Statistical Analysis

One-way ANOVA followed by Tukey’s post hoc comparisons was conducted to detect whether the paired data among different treatments were significantly different (n = 3). Before analysis was performed, non-normal data were log transformed to achieve Gaussian distribution as checked via a Shapiro–Wilk test. Multi-factor ANOVA was performed by using SPSS version 22.0 (IBM Corp., Armonk, NY, United States) to examine the individual and interactive effects of drought stress and cultivar on the growth of broomcorn millet and the effects of drought stress, cultivar, and developmental stage of broomcorn millet on the α diversity index of rhizosphere bacterial community. Principal coordinate analysis (PCoA) based on the weighted UniFrac distance was performed with vegan package in R (v 3.4.3) to test the differences between cultivars, drought stress, and developmental stage on bacterial community composition. Variance partitioning was simultaneously carried out to determine the explanation rates of cultivar, drought, and plant stage on community variance across the samples. Variance partitioning was further conducted on the basis of the data collected only at the stage to detect the explanation rate of cultivar on the variation in bacterial community at the flowering stage. Prior to PCoA and variance partitioning analysis, relative abundance data were Hellinger transformed.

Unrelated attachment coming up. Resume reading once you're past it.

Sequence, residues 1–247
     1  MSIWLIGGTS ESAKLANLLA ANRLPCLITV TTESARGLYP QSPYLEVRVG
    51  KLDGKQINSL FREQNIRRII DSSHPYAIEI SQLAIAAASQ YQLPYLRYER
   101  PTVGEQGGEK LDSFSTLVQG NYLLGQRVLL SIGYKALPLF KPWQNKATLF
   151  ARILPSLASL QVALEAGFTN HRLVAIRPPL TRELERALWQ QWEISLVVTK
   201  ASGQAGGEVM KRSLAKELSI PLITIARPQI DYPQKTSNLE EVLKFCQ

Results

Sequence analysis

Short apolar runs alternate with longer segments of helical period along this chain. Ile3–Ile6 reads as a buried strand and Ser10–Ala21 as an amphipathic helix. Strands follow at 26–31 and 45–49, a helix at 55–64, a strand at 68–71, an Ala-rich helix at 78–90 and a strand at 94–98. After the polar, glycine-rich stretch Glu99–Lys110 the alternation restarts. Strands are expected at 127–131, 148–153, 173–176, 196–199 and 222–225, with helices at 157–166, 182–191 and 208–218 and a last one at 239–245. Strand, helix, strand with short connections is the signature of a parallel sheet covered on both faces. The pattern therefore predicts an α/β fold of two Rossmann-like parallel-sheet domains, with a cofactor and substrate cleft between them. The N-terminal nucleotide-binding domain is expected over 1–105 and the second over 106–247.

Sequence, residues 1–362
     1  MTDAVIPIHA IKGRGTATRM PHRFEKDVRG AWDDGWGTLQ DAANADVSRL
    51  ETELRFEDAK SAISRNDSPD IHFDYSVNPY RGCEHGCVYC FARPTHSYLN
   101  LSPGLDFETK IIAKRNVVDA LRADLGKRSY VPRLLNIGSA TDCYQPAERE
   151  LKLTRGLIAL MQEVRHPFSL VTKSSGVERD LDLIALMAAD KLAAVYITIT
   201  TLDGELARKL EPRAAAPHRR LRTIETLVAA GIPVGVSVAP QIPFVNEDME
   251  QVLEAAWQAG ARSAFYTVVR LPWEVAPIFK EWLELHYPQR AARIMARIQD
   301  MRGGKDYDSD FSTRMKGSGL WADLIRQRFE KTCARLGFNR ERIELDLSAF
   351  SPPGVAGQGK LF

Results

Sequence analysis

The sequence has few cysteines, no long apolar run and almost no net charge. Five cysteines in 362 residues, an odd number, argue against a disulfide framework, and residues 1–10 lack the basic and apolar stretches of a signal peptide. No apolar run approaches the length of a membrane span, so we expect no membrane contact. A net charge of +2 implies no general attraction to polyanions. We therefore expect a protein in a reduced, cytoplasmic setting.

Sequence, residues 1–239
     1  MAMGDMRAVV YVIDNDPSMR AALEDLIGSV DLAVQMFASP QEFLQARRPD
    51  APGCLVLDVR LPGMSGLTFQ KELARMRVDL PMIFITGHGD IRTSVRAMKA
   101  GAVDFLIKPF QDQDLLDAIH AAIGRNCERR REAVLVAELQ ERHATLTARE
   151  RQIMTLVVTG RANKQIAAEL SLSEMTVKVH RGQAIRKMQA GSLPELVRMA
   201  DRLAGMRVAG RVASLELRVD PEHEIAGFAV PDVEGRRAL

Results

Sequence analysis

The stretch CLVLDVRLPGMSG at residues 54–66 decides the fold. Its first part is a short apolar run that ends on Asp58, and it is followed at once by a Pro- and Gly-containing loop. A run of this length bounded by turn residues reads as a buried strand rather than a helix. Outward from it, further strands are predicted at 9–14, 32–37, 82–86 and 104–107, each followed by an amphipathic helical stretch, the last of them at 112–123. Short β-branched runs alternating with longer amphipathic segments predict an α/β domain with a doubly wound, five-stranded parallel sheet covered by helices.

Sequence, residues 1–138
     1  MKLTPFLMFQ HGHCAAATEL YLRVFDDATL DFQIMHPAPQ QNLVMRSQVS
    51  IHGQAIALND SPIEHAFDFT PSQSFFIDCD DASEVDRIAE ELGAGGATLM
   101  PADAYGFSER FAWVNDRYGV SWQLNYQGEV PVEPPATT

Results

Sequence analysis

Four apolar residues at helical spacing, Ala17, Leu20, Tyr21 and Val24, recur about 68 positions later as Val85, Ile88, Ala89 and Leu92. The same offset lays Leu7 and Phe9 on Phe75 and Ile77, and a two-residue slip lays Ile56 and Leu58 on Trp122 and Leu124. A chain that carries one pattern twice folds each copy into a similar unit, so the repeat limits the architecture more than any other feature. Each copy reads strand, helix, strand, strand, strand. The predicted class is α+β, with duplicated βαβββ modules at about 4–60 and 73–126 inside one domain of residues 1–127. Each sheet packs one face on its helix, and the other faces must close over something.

A heat map of the 35 most-abundant bacterial phyla was plotted using R to systematically analyze the variation patterns in relative abundance among different developmental stages. The relative abundance of the dominant bacterial rhizosphere phyla (i.e., 10 most dominant) and genera (i.e., 50 most dominant) under drought stress was normalized by dividing the relative abundances of the bacteria under control condition to test whether the individual bacterial rhizosphere population of the two cultivars responded differently to drought stress. Two-factor ANOVA was then performed to examine the individual and interactive effects of the cultivar and developmental stage of broomcorn millet on the variations in the ratio. This multiple testing was an efficient method for screening bacterial populations, which differed in their responses to drought between cultivars, although introducing increased type I errors was possible (Finner and Roters, 2002). Bacterial responsive pattern, which was significantly affected by cultivar, was further calculated using the following equation: (relative abundance under drought/relative abundance under control) -1 and compared using a Tukey post hoc test at each developmental stage.

Results

Effects of Drought Stress on the Growth of Broomcorn Millet